Monday, November 7, 2011
We have a solar filter (it basically looks like the one at right) for our telescope which passes only a small fraction of the visible light and cuts the harmful infrared and ultraviolet radiation. Without it, looking at the Sun with a telescope will result in instant damage to your eyes.
The reason we're going to take a look at the Sun (other than the fact that it's interesting), is to observe a large group of sunspots that have been rotating into view. It's called Active Region (AR) 1339.
Below is a solar image from 2345 UTC (7:45 pm EDT) on November 5 showing the large active region around the 10 o'clock position on the face of the Sun.
Check out this image of AR 1339 from Mexican amateur astronomer César Cantú (click here for a higher resolution image on his website).
When looking at this sunspot group, keep in mind that each of those darker dots is about the size of the Earth! They're incredibly beautiful close up - almost looking like abstract art.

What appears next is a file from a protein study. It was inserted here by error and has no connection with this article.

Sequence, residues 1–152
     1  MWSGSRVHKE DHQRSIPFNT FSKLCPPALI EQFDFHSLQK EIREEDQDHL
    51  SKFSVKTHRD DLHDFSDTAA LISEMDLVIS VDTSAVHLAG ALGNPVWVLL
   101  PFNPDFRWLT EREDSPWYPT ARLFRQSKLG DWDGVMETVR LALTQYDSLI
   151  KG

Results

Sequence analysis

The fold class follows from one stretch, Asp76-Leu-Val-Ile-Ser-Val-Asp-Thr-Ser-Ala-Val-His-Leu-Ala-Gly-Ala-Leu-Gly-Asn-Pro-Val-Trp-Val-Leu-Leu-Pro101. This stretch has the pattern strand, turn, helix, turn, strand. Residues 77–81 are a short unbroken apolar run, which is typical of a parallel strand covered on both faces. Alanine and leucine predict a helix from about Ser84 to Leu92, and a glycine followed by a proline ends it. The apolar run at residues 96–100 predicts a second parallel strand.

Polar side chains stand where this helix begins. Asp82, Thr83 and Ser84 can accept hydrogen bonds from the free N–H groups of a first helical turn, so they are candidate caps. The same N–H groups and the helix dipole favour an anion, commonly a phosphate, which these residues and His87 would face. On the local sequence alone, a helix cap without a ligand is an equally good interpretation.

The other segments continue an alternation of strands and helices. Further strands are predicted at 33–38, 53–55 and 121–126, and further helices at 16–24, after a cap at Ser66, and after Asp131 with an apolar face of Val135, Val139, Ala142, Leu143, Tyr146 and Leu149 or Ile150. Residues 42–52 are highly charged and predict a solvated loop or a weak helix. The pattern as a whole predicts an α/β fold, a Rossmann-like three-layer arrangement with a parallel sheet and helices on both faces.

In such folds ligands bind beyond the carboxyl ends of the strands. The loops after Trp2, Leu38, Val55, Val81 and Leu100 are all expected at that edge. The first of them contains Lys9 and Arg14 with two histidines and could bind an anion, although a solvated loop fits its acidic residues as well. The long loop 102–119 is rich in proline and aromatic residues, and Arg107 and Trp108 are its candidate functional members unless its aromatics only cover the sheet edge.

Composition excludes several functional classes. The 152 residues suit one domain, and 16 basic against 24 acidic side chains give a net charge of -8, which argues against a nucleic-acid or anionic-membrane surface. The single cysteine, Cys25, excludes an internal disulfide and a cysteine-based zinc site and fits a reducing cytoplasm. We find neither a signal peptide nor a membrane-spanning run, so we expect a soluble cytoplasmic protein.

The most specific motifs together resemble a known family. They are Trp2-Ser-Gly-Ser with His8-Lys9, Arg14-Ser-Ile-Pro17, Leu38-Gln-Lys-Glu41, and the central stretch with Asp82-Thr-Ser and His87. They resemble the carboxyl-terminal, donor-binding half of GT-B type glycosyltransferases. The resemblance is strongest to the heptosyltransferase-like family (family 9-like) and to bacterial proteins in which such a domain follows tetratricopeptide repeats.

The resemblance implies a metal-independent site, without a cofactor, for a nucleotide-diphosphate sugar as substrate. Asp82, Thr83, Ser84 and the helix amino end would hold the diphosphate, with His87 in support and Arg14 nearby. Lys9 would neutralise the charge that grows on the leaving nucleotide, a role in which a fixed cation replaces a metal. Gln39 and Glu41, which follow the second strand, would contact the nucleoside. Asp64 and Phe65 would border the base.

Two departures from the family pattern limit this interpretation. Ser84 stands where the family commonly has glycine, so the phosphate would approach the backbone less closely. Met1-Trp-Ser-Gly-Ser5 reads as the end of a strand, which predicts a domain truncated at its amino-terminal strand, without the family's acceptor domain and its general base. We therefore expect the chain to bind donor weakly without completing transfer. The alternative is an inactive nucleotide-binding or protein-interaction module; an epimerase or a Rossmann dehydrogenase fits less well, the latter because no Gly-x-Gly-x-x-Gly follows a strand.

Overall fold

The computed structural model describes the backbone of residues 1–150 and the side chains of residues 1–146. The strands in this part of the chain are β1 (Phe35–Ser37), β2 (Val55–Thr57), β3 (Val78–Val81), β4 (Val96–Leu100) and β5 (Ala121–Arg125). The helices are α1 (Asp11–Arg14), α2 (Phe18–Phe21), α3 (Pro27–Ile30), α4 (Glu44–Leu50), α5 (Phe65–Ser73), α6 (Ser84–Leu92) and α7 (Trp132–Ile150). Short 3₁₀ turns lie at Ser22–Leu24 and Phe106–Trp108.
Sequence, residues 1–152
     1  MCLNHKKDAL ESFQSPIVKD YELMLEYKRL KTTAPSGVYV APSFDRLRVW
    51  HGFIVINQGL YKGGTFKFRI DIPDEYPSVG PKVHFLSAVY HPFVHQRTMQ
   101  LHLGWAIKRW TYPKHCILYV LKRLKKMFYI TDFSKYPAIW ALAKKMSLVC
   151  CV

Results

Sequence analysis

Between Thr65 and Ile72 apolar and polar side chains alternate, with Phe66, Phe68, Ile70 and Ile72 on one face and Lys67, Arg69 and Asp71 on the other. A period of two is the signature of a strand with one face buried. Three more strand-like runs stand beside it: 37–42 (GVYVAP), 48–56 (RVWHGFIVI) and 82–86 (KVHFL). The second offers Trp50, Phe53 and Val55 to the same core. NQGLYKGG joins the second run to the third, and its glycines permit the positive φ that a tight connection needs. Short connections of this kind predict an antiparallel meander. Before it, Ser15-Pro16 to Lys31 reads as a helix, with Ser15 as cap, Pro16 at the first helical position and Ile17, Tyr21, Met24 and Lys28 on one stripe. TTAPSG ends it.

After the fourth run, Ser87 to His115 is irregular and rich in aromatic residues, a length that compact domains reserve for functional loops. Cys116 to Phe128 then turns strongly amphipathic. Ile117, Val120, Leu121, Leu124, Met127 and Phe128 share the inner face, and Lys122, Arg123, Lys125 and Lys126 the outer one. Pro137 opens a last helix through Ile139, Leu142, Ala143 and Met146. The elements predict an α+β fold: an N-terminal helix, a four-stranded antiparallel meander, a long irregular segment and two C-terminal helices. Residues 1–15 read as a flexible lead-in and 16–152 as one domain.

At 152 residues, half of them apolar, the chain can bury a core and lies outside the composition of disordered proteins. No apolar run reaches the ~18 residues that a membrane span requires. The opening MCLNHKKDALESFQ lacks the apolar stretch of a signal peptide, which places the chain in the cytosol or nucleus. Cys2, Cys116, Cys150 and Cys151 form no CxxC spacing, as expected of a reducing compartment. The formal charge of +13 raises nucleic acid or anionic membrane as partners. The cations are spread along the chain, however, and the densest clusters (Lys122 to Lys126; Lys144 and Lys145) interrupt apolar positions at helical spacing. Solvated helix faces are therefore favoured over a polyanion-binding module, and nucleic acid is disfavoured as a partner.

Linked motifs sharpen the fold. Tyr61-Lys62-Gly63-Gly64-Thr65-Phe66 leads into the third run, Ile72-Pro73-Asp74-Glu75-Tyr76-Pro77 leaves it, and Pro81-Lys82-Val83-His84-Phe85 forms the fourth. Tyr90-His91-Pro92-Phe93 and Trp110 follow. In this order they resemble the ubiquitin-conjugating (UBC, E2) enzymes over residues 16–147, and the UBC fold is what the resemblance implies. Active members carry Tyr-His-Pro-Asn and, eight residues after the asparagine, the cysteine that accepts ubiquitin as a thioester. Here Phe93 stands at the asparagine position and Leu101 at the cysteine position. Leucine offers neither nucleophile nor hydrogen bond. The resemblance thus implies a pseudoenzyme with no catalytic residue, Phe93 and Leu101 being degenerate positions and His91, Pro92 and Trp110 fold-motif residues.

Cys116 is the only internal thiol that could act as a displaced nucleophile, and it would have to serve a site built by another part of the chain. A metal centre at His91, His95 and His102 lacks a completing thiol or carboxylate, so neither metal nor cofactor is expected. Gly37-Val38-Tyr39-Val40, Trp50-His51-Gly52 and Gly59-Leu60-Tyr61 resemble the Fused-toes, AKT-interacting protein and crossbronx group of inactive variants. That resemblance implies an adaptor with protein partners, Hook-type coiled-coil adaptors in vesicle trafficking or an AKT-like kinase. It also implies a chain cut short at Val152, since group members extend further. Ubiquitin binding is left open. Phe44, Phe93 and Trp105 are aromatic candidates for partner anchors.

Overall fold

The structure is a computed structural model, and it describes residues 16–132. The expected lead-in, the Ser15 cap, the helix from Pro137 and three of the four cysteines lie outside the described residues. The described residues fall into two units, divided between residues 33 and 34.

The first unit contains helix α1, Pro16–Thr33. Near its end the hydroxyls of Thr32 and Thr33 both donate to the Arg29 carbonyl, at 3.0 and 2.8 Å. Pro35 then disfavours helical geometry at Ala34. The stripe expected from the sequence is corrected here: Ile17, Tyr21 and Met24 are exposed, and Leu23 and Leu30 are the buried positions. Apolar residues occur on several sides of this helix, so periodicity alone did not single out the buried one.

Sunspots often flare up, causing coronal mass ejections (CMEs) that send billions of tons of ionized gas screaming out into space. If the sunpot is facing toward the Earth, this ionized gas interacts with the Earth's magnetic field and outer atmosphere resulting in a geomagnetic storm and strong auroral activity.
Keep an eye on SpaceWeather.com which will issue alerts if there are any CMEs in the next few days and the possibility of seeing an aurora.
Sunspots are fascinating phenomenon, I think I'll write more about them later this week.
Posted by Steven Schimmrich at 9:54 AM